MARRIOTT: Wouldn't be in their interest to...

CAVUTO: Keep it going.

(CROSSTALK)

CAVUTO: In other words, to keep offering benefits to let's say even part-time workers because they would need a waiver. They got a waiver. Many others did. Better than a few hundred did.

That must say something about the underlying health care plan that so many opted out or found waivers from it.

MARRIOTT: Well, we've noticed health care costs have not risen as far in the last year or so as they have in the past. I think they're up 4 percent.

And so we're cautiously optimistic that we'll be able to figure this thing out. But we have not made a decision yet on what we're going to do.

CAVUTO: What about the presidential race this year?

Many are saying that Mitt Romney has an uphill battle, and that not the least of which is because a lot of people don't know him or they don't know the whole Mormon thing. I know, as a fellow Mormon yourself, is that going to hurt him? What do you think?

MARRIOTT: I don't think the Mormon thing is a big issue right now.

I think the issue is the economy and the jobs that you've been talking about and what's going to happen in our economy. Mitt Romney is a fabulous businessman. He's been on our board for 10 years or more and got off it, of course, twice, once to run the Olympics and then another time now to run for president.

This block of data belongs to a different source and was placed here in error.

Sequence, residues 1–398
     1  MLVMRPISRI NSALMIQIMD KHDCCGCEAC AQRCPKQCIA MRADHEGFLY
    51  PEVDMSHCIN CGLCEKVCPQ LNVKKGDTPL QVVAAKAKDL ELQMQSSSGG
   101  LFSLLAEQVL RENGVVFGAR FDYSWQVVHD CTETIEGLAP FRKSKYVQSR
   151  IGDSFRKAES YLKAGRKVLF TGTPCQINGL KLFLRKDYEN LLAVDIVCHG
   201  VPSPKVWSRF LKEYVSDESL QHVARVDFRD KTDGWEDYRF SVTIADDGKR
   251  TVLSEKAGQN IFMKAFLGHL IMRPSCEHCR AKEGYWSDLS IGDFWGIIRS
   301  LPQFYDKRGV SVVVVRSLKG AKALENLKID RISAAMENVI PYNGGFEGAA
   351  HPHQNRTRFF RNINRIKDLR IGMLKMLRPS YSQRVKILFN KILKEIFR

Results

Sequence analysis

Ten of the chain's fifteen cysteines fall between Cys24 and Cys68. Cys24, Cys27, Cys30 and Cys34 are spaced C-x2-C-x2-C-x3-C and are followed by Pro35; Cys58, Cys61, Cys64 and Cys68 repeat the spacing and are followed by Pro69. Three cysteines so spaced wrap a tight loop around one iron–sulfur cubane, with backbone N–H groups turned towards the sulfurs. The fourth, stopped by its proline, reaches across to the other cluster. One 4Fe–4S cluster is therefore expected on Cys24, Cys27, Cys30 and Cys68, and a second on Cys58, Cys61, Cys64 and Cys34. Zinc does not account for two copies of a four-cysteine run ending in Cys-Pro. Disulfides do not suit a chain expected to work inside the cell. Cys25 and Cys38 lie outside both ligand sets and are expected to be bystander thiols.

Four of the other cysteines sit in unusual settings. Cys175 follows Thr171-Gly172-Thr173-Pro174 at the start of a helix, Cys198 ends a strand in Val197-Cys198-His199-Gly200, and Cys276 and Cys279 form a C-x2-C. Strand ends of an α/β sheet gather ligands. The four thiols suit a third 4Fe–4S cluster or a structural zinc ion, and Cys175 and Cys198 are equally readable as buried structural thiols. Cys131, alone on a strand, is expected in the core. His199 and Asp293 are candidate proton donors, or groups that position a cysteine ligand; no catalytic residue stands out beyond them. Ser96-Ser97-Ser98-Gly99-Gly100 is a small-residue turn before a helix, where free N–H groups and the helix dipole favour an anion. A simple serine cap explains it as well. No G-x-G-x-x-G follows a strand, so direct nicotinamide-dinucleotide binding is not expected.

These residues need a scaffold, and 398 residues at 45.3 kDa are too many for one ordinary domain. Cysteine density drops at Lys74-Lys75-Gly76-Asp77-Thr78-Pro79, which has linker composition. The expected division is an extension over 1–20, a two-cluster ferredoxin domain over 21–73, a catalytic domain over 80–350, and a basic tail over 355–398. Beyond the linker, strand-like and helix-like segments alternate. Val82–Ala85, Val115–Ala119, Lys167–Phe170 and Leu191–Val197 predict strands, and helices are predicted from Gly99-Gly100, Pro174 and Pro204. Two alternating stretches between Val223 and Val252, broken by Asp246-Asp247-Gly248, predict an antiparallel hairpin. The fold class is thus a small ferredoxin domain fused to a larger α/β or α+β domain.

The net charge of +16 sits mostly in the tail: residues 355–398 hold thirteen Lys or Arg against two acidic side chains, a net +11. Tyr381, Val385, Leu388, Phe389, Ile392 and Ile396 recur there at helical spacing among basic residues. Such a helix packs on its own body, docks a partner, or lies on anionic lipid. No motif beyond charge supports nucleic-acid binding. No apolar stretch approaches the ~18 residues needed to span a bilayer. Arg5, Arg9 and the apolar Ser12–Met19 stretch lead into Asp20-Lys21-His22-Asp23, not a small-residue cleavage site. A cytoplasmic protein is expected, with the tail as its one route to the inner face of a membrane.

But he's very competent and very capable, an outstanding leader. And I think he's got a real run.

CAVUTO: I know you abhor cosmetic type things. And you're an executive. Substance matters and all.

But in this world we live in today, we like candidates who are cool, I guess. The president's cool. The rap against Mitt Romney is he's not, not that that necessarily means anything. I'm sure in his day no one would have called Abraham Lincoln cool. But be that as it may, are you worried that the media just will never warm to Mitt Romney and might never give him any fair treatment as a result?

MARRIOTT: Well, that's the big concern, of course, we all have is that a lot of the media are pro-Obama and not particularly enamored with the Republican Party.

At the same time, I think Mitt's got a great chance. The numbers show good for those older people that are going to show up at the polls, and many of them will vote for Mitt because he has the same values they have.

CAVUTO: But then you see these Occupy Wall Street rallies that grew substantially with May Day events, worker events worldwide yesterday, protests in better than 130 U.S. cities.

Some of them in California, as you know, Bill, turned very violent. Many of these largely young people target 1 percenters, like yourself, I guess me by extension, but I think they really go after corporate guys, even though they don't much like Fox News anchor guys.

(LAUGHTER)

CAVUTO: And they argue that you have disproportionately benefited, to their expense. What do you say to that?

MARRIOTT: Well, I say we're providing opportunities for people around the world, not only here, but abroad. Fifty percent of our general managers have come from within the hourly ranks of the company. We promote from within a great deal. We started out with one hotel 30 years ago, and we started out -- or 50 years -- and we started out as a company 85 years ago with a root beer stand. Now we have 300,000 employees.